In a 1993 trial, a low-magnesium diet reduced insulin sensitivity in healthy volunteers by 25% in just four weeks (8). It also increased urinary thromboxane concentration, a potential concern for cardiovascular health**.
** Thromboxane A2 is an omega-6 derived eicosanoid that potently constricts blood vessels and promotes blood clotting. It's interesting that magnesium has such a strong effect on it. It indicates that fatty acid balance is not the only major influence on eicosanoid production.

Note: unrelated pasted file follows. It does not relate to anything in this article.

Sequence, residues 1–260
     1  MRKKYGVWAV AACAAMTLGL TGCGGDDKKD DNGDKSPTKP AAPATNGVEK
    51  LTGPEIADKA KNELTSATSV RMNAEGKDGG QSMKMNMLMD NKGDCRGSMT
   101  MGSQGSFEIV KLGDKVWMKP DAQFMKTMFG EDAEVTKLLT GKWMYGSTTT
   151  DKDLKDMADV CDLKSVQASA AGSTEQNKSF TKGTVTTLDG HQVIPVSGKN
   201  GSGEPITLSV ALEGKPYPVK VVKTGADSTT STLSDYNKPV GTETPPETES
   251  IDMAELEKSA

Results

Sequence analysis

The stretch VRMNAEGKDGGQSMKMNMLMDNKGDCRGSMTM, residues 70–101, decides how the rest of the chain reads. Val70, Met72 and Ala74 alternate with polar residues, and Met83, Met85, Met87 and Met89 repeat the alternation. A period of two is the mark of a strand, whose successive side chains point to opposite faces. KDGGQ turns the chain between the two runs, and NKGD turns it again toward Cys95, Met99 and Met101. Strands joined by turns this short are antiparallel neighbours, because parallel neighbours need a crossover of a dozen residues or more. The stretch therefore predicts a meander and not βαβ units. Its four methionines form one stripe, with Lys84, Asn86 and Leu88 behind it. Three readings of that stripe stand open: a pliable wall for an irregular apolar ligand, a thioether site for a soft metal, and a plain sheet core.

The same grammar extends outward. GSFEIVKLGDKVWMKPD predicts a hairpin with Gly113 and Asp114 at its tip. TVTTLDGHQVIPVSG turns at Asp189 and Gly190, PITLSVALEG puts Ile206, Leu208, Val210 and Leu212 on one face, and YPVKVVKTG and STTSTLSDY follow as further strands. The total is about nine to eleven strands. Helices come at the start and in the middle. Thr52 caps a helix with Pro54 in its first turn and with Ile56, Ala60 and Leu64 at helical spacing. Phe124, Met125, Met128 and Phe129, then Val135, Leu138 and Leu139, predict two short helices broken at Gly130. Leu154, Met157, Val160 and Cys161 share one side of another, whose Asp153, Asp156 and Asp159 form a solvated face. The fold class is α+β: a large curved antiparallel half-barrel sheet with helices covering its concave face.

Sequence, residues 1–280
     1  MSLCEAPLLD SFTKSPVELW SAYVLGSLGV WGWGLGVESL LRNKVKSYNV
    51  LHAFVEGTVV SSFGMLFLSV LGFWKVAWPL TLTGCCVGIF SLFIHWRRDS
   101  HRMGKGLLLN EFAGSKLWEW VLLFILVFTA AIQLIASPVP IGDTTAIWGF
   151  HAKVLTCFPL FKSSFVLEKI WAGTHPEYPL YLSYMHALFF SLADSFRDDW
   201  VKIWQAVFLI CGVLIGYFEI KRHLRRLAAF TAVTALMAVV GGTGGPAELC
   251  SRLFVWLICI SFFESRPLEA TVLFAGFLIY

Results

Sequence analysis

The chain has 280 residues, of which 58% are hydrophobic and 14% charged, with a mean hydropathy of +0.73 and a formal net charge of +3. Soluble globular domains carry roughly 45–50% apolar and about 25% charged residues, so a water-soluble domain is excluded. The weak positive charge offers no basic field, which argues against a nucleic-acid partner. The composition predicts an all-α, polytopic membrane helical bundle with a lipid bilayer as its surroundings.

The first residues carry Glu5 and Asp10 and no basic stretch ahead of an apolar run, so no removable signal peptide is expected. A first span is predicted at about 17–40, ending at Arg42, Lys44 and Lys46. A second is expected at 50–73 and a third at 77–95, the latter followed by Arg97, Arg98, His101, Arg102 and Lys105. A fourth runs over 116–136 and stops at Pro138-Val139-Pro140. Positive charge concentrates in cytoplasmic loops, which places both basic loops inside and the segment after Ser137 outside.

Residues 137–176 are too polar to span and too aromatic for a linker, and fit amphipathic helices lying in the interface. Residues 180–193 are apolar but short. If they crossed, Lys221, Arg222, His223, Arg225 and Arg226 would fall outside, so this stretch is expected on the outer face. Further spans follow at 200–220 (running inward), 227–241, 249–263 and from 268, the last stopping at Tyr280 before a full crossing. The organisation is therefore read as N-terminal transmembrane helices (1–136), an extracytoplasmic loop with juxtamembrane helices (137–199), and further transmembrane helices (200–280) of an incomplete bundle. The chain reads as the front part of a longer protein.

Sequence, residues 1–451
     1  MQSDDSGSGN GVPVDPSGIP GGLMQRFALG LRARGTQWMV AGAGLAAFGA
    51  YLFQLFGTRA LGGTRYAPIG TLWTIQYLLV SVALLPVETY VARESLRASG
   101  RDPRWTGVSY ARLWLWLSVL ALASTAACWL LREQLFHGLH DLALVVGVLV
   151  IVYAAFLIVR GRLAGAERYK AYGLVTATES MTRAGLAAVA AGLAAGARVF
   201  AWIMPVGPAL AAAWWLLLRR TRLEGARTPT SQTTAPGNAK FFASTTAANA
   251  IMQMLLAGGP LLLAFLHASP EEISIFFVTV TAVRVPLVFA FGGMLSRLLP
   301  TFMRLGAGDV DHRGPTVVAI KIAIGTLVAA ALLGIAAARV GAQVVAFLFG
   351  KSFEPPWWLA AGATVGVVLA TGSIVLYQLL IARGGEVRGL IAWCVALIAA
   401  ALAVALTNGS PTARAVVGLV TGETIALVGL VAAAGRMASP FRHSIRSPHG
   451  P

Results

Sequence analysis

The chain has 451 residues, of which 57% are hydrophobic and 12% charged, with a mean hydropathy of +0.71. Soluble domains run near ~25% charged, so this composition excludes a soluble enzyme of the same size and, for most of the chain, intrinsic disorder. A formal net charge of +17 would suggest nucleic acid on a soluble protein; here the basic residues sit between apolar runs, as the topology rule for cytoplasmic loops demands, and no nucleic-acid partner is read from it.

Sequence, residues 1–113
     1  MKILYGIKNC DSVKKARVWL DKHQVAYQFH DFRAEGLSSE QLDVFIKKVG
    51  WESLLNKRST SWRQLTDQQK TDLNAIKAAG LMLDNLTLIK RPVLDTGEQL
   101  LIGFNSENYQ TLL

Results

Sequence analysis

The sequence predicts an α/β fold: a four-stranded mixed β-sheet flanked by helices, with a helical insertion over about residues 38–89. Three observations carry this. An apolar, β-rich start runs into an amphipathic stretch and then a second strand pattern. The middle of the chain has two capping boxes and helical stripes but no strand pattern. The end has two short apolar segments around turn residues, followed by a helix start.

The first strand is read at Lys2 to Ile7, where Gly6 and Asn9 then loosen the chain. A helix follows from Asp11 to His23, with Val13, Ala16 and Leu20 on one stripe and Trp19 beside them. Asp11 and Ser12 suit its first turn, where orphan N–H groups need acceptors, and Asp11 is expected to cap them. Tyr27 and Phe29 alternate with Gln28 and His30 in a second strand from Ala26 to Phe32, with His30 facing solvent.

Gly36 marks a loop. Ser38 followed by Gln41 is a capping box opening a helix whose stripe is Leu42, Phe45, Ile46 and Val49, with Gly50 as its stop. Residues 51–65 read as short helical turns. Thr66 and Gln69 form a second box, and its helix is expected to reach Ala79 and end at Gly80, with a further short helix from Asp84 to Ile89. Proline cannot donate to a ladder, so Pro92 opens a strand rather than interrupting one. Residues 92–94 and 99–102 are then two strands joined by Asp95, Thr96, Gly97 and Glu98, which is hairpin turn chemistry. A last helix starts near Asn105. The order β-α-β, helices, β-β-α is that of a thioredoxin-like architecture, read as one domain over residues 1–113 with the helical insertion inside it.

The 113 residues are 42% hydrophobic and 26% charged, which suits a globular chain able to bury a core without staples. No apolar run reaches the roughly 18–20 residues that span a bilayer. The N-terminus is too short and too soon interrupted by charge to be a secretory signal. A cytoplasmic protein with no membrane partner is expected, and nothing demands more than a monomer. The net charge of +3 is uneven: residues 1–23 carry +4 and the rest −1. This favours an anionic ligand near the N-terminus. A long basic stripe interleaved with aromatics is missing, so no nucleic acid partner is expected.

More omega 6 over 3 does cause inflammation.
Try an experiment: Eat oatmeal that is HIGH in 6, and watch your inflammation spike.

Oats are like 5% omega-6 by calories, I don't anyone but the hardcore Peat-heads would say that's high in 6. – Mscott Apr 26 at 21:20

If you are speaking of the immediate reaction, I think you might be confusing inflammation with bloat. If you eat too much or they aren't soaked and cooked fully, the oats soak up liquid in your gut can cause a distended belly. Long term though, there could certainly be some inflammation issues. – Happy Now Apr 26 at 22:34